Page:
Gone are Jeff Gordon, Dale Earnhardt Jr., Tony Stewart and Danica Patrick and their combined 168 wins and seven championships. Instead, up-and-coming new drivers like Chase Elliot, Ryan Blaney, Joey Logano, Bubba Wallace and more are racing to fill their void in Nascar’s top circuit, the Monster Energy Cup Series.
“It’s not the Nascar of 10 years ago,” said Jill Gregory, Nascar CMO. “You’ve got some young phenoms that are coming up and trying to establish themselves. And then you’ve got these drivers that are in the middle of Hall of Fame careers.”
To keep pace, Nascar is ushering in a new era of marketing, and not just because of the new generation of drivers. Nascar has suffered some of the largest declines across major American sports during the last two years. In 2016, Monster Energy Cup races averaged about 4.5 million viewers, but that number fell to 4.1 million viewers in 2017 and just 3.3 million viewers last year. All but a few individual races saw viewership declines, year over year.
In addition to the dropping ratings, some individual tracks have had trouble filling seats. Notably, fan favorites like Charlotte, Daytona and Richmond have torn out tens of thousands of seats to avoid mostly empty grandstands.
Despite falling viewership and attendance numbers, Nascar’s top marketers tracked its brand health through a number of key markets from 2017 to 2018, which experienced a “big bump,” according to Nascar vp of brand marketing Pete Jung. Heading into the 2019 season, Nascar plans to leverage its crop of young phenoms—who he called the greatest influx of new talent the sport may have ever seen—in its marketing, tap new technology and improve the in-person racing experience to boost fan interest in the sport.
Marketing a new generation
Nasacar faces a unique problem. When a fan’s favorite driver retires, who does the fan now root for? The racing circuit hopes to answer that by marketing its new class of rising stars.
The sport has worked with partners like 77 Ventures and VaynerMedia to create unscripted, driver-centric content for drivers to share on social media. Using their stories, Nascar “can take that creative to the next step and create a deeper dive into some of these young stars like Chase Elliot, Ryan Blaney and Bubba Wallace,” Gregory said, adding, “We use digital and social content to let fans have a chance to get to know them better and more quickly.”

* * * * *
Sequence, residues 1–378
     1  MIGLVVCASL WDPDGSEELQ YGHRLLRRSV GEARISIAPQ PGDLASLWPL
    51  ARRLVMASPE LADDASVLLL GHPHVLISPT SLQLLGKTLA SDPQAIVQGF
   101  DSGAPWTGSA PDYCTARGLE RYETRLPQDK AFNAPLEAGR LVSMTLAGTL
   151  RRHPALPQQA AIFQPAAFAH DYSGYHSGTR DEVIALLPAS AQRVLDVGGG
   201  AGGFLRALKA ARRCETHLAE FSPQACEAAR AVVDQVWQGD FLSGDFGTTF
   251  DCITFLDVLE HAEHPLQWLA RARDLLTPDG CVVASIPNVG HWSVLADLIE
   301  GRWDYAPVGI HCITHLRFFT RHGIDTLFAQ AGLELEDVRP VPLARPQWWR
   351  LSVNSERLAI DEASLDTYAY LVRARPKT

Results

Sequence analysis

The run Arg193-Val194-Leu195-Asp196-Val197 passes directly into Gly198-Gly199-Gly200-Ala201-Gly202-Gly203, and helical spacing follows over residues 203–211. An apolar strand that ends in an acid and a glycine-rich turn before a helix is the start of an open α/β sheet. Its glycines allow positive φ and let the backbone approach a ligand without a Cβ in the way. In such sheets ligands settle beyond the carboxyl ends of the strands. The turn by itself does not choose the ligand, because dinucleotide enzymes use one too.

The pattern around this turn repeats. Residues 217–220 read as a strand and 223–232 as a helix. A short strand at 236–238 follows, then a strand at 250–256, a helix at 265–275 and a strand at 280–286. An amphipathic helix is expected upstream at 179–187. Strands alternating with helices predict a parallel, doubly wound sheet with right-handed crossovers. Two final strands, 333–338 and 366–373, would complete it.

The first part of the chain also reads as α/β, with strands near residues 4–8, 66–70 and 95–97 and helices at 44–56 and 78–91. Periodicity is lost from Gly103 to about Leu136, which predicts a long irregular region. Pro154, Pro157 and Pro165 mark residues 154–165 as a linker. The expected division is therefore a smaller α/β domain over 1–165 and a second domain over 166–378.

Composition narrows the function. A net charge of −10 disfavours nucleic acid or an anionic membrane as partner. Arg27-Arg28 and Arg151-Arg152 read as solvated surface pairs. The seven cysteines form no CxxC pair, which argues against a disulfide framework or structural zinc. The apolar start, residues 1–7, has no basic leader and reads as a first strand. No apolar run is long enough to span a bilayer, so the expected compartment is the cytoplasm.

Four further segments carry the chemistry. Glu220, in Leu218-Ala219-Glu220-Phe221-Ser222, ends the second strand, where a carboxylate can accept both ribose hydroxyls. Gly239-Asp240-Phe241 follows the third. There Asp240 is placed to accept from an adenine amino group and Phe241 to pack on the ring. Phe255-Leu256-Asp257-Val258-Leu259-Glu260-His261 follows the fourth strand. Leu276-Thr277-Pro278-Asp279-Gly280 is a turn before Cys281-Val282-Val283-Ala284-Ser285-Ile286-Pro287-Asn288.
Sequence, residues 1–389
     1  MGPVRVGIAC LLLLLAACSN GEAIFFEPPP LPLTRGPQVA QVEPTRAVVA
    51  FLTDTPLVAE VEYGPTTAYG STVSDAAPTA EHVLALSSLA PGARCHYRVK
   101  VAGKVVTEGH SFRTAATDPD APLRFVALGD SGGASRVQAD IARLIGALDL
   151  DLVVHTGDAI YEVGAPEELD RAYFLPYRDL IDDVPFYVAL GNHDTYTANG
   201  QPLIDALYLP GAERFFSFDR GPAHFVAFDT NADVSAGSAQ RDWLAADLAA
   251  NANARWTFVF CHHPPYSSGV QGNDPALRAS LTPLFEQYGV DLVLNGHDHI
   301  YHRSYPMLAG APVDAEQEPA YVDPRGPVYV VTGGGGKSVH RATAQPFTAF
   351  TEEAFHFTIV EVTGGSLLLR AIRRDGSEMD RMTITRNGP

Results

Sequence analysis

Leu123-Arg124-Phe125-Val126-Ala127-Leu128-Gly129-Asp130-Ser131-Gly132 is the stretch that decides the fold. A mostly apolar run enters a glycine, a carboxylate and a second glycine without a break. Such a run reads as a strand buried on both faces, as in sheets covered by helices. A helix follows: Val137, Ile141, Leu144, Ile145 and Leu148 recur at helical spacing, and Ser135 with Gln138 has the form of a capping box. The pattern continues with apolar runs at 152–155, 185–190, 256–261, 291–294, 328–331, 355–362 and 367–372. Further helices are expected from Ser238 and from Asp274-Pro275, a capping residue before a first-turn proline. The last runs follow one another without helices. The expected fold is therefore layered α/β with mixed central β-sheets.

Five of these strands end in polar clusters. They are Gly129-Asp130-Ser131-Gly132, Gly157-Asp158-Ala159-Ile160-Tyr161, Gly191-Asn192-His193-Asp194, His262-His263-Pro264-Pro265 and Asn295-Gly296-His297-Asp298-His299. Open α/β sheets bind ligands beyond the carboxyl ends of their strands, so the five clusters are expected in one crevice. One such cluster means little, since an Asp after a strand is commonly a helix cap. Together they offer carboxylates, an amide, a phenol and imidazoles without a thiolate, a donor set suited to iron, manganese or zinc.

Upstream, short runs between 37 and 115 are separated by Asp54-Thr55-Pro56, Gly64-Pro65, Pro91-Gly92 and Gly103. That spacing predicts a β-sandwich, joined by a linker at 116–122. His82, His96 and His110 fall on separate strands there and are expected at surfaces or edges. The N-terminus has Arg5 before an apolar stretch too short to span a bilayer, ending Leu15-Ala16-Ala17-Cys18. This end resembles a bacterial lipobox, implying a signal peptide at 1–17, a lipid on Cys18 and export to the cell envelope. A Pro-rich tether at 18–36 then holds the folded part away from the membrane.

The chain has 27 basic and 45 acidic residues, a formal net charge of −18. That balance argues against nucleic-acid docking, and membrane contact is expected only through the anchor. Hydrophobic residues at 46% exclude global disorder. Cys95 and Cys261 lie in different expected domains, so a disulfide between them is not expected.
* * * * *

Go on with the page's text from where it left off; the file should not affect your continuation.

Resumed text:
Nascar also developed a 24-hour content studio in its Charlotte newsroom where video can be shot and cut whenever a driver visits.
Teaming with media agency Crossmedia, Jung said Nascar has developed a proprietary database that has allowed it to become more sophisticated in its marketing across a number of media, from national spots to strategic investments in 30 markets, as well as buys on streaming services like Pandora and Spotify. Nascar has also improved its programmatic and out-of-home buys.
As fans interact with content on digital, Nascar builds a profile that identifies the style and personality of a driver the fan might relate to. So when a driver like Tony Stewart retires, Nascar can target fans with content about Kyle Busch because they gravitate toward a driver who’s rebellious and surly.
“We definitely do try to feed that transfer of fandom,” Jung said.
Capitalizing on new technology
The second-screen experience is a critical component of consuming live sports—and for Nascar, it takes on multiple forms. Entering the 2019 season, the racing circuit has improved its app to deliver in-race features like Nascar Drive, a 360-degree camera feed, and communications between drivers and their crew chiefs. Nascar Drive will be available not only in the Nascar Mobile app but also on desktop and the mobile web. For the Daytona 500, fans will get the 360 view for Bubba Wallace’s No. 43 car. And with daily fantasy sports continuing to grow as an industry, Nascar has revamped its Nascar Fantasy Live game, which generated a 74 percent increase in players year over year and a 100 percent increase in total game entries.
Nascar also expanded access to other camera angles through a digital partnership. What was once only available in snippets during a race broadcast is now available on Twitter: in-car cameras. The Twitter streams showcase the view of fans’ favorite drivers, which are designed to complement, not replace the viewing experience.